City unveils latest plan for derelict Bayview Yards
Officials aim to complete $30M Innovation Centre by 2016
By Joanne Chianello, OTTAWA CITIZEN March 5, 2014 8:05 PM
OTTAWA — The windows are smashed and boarded up, pigeons and squirrels have made it their home for years, but the derelict buildings at Bayview Yards finally appear to be destined for a new life as an Innovation Centre if council approves a $30-million plan to transform the site.
The proposal is impressive: redevelop close to 46,000 square feet of old, empty factory space into a complex that will house budding entrepreneurs, new companies that need help getting to the next level of business, and more established firms. The city’s arm’s length economic-development agency, Invest Ottawa, also plans to move to the new complex.
And a number of amenities — a café, green rooftop and “techno-lounge” -- will be open to the public.
Mayor Jim Watson joined the city’s economic development branch in giving the first official tour of the dilapidated old buildings on Wednesday morning. Even though the structures are in rough shape, the potential for the buildings to be a showcase for the city is obvious, from the floor-to-ceiling pane-glass windows to the garage doors that provide outside access to the exposed brick. The views of the Ottawa River from the top floors (and future rooftop patio) don’t hurt, either.
Experts have argued the 1940s-era industrial buildings have heritage value — and the city agrees, promising not only to keep the look and feel of the old city site but to designate it a heritage site later this year. A study is being conducted to see how many of the windows and garage doors can be upgraded to meet today’s environmental standards. If some can’t be salvaged, the city says it will replace them with historically appropriate replicas.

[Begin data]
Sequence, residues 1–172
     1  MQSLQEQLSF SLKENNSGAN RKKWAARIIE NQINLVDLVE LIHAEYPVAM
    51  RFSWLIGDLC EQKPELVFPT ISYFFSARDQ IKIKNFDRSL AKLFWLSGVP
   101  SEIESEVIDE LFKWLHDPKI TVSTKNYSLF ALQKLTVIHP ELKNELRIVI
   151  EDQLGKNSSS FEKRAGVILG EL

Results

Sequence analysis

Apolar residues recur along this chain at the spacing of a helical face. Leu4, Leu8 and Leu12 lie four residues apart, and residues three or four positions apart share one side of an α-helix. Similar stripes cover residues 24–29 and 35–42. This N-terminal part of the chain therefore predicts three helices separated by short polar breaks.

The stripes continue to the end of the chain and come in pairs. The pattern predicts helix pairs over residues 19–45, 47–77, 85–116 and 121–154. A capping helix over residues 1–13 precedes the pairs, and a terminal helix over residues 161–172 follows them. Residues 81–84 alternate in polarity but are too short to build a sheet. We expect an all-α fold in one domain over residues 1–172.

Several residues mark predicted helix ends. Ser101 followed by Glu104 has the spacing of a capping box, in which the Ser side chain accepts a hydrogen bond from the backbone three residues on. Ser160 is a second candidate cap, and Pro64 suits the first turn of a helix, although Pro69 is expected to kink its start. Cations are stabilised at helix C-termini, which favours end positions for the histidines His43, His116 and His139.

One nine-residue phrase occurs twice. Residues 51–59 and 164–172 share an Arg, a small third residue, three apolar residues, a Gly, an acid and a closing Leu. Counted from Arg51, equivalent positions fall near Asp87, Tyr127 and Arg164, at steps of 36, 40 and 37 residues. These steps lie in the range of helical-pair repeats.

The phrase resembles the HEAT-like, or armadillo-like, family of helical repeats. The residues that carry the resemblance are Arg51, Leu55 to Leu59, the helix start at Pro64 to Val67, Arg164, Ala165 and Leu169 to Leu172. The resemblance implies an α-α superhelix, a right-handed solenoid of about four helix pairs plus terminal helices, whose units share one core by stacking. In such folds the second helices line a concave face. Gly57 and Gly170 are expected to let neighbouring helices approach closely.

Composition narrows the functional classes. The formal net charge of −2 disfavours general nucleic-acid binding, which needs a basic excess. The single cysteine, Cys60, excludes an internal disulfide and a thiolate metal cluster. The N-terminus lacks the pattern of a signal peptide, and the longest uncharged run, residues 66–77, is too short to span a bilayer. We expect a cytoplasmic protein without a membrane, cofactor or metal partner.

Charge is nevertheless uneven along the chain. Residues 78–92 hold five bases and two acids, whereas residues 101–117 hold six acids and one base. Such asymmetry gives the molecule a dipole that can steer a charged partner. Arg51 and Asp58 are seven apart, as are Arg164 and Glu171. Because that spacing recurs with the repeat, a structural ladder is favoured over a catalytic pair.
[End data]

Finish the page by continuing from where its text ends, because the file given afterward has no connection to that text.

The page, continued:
The first phase of the plan is so far scheduled to cost $30 million. The province committed half the money last year; the city will provide the remainder, including the property, which is assessed at $8 million.
Although governments are putting up the capital for the project, operational costs are to be self-sustained by the tenants’ rents, even though some startups will qualify for subsidized rents and others will pay market rates.
“One thing we want to make sure of is, once this is up and running, it doesn’t become a finance burden on the community, on the different levels of government,” said Saad Bashir, the city’s director of economic development.
The Ontario government must approve the business plan this spring, although city manager Kent Kirkpatrick said provincial officials he met with last month “were very impressed with the progress that’s been made to date.” Once the province gives its stamp of approval, the proposal is headed to council’s finance and economic development committee, likely in early May.
Plans then needs to be approved by full council before a request for proposals for the project is held. Still, Bashir believes construction can start this summer. The completion target is 2016.
The entire project is being run by a non-profit entity with a board of directors that consists of five members, including the mayor and Nordion chief executive Steve West, who’s the chair. Interviews are ongoing for another six board members.
While an outside organization can be more nimble than a government bureaucracy, it isn’t necessarily as transparent. For example, the company that did the conceptual designs for the project was sole-sourced.
PrototypeD worked with the city last year to figure out whether it was feasible to use the Bayview Yards buildings as an Innovation Centre.
Because of “very tight timelines” and the fact that the PrototypeD team “was very impressive,” the board of directors felt “comfortable” assigning the company the job, said Bashir.
- $30 million
- $15 million from province
- $15 million from city, which includes the value of the land and buildings, appraised at $8 million
Target occupancy: 2016
- Present business plan to council’s Finance and Economic Development Committee on May 6th
- Shortly thereafter, designate the Bayview Yards buildings as heritage
- After full council approval, tender the contract and begin renovation
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